Amid the heated discussion about how to deal with the colonial period, European museums exhibit many items from Africa. But isn’t there a long tradition of cultural plundering, stretching back through human history?
Felwine Sarr: That is true but at the same time I don’t think it is a reason not to interrogate the legitimacy of this kind of action. Our research shows that it was not just looting, it was was an organised system to loot and to control the spiritual resources. That became clear in our historiography. If you want to renew the relationship between European and African nations, we have to heal this narrative history.
You prepared a report for the French president on colonial art in French museums in which you argue for the return of African objects. Why does the colonial debate hinge on cultural heritage rather than the wars and massacres of that era. Aren't discussions about art objects relatively minor in this context?
Sarr: It’s easier to use these objects as a window to address more important questions. In the case of France, people don’t want to talk about the crime or the torture in Algeria. There’s an unwillingness to deeply address colonial violence. But if we say the topic is art, it is easier to approach the subject of relations during the colonial times.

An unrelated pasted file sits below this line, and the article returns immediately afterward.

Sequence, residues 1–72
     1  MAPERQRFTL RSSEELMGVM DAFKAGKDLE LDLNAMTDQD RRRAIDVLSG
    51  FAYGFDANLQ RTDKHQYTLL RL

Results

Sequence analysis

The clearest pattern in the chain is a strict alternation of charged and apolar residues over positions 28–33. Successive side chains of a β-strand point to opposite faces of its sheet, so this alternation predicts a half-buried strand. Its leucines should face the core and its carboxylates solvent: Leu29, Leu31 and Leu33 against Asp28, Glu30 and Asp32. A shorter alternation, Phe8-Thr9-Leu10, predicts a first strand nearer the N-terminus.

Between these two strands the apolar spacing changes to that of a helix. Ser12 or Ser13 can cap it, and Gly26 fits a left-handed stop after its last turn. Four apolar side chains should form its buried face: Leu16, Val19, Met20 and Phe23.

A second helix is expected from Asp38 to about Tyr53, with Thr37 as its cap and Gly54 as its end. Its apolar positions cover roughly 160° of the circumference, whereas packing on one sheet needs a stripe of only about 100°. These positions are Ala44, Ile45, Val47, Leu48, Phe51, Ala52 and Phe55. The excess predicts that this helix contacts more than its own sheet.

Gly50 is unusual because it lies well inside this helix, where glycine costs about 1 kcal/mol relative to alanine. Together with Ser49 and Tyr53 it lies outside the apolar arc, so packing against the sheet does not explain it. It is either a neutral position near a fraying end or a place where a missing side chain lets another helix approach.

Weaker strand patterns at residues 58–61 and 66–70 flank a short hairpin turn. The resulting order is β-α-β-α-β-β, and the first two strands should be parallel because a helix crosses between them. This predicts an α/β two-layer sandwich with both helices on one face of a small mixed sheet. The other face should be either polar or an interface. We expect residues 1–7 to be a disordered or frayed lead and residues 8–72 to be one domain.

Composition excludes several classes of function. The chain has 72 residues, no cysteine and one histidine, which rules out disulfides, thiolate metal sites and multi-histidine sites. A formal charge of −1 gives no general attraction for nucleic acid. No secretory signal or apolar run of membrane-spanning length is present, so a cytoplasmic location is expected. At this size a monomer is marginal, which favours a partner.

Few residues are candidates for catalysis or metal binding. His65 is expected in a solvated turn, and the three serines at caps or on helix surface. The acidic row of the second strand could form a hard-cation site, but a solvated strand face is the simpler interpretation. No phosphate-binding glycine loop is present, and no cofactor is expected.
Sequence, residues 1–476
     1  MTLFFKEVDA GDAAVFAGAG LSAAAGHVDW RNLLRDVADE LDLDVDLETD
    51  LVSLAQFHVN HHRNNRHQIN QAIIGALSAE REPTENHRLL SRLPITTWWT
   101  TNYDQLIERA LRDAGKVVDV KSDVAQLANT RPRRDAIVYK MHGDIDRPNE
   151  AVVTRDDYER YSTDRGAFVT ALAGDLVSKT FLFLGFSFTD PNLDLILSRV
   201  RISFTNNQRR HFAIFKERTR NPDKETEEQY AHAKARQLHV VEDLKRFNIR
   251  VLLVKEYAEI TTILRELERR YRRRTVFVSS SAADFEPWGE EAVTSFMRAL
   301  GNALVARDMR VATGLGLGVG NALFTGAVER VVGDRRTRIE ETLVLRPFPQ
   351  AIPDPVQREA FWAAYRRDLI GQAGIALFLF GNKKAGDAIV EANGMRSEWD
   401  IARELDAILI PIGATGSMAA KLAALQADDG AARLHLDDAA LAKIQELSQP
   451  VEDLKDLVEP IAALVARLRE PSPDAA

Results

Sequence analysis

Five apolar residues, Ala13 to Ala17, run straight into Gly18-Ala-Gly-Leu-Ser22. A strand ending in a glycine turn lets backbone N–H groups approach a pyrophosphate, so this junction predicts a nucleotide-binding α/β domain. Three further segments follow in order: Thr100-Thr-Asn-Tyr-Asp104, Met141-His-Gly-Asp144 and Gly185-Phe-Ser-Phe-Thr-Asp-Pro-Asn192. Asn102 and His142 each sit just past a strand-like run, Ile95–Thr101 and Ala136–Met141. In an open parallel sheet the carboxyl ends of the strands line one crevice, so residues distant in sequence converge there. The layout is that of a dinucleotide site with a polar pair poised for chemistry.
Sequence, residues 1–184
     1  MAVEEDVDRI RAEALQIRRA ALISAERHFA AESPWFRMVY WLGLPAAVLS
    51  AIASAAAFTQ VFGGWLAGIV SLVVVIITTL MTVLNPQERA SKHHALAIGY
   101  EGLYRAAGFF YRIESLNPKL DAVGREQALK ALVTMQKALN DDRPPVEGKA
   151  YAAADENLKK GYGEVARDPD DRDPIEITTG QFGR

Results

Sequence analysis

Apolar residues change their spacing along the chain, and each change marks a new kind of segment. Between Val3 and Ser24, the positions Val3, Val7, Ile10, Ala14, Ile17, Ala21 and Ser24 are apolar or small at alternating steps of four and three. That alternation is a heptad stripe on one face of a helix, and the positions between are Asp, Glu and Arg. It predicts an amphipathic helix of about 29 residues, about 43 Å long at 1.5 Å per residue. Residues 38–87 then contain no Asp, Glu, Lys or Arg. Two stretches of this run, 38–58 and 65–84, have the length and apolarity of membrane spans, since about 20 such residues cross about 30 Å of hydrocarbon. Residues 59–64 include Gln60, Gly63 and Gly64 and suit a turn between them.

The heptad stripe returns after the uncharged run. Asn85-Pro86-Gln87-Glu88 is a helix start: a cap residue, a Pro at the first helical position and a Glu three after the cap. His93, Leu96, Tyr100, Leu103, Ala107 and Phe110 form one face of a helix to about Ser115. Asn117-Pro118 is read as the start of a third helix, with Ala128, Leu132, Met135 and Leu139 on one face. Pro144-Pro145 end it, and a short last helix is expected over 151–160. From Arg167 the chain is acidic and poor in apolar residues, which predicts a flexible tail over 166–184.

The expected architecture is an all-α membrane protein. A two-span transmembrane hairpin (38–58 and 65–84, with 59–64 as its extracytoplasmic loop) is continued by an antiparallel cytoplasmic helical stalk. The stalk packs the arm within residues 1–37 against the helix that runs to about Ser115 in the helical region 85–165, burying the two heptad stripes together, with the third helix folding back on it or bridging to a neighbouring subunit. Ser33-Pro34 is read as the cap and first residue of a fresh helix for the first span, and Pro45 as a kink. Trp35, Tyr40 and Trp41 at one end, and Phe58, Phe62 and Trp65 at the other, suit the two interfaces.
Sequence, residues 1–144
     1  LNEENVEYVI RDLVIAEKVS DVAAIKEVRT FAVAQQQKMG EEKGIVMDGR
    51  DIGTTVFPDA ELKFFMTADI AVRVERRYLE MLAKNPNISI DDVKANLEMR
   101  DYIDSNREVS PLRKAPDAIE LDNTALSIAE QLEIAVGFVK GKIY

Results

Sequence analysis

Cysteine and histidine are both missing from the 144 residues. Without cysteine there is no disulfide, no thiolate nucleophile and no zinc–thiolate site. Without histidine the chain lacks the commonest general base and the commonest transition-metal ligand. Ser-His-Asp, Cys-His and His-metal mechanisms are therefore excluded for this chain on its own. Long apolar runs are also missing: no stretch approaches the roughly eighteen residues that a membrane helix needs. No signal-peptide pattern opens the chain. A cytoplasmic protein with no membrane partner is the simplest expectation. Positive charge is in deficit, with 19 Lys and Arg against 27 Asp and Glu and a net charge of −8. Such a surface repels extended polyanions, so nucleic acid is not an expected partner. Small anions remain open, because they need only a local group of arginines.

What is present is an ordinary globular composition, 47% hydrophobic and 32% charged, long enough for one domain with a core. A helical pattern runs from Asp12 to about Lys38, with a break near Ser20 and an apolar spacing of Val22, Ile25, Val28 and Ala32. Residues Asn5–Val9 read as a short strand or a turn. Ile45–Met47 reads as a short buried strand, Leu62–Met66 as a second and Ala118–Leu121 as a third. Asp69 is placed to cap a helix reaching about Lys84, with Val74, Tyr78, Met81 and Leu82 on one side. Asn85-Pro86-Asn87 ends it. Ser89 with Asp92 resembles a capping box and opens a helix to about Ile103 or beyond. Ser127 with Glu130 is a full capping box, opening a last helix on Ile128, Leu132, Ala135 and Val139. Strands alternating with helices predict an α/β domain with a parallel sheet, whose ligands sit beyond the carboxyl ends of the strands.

Do you think that the returning African cultural objects would serve as a reparation for other crimes?
Sarr: I don’t think this is about redemption and guilt… We need history, we need to know it and to reflect on it. But most important is: How do we relate to each other now? I don’t think you have to be guilty of the actions of your elders, but you are responsible for how you relate to others today. For me that’s the key question: How do we write history in the present?
Bénédicte Savoy: When we worked on our report, we continually switched between timeframes of past, present and future. And we tried to “sew” them together somehow. I think this is extremely important: to remain agile and to move between times. That's something you should teach young people, that is something I say now, as a teacher.
Can you describe how the handling of the objects of that era is related to the colonial system and the crimes committed back then?
Sarr: When you look more closely to the issue of artefacts, you have the opportunity to address the global history: Why are these artefacts are in Europe? Take, for example, the bonze figures from Dahomey, which became Benin, which are now in museums in France and England. They arrived here in 1892 when a military coup destroyed the Kingdom of Dahomey. The French conquered Dahomey with military violence and later brought the artefacts back to France. The history of artefacts tells the colonialist story. Also, this issue of artefacts reveals the force behind these relationships. It is an entry point to reflect on the global history.
The future Humboldtforum museum in Berlin will also house artefacts from Africa. What is the role of European museums in the debate about the return of cultural objects? For your report, you worked closely with Stéphane Martin, Director of the Musée du Quai Branly. Now he criticises your position on the restitution of cultural items.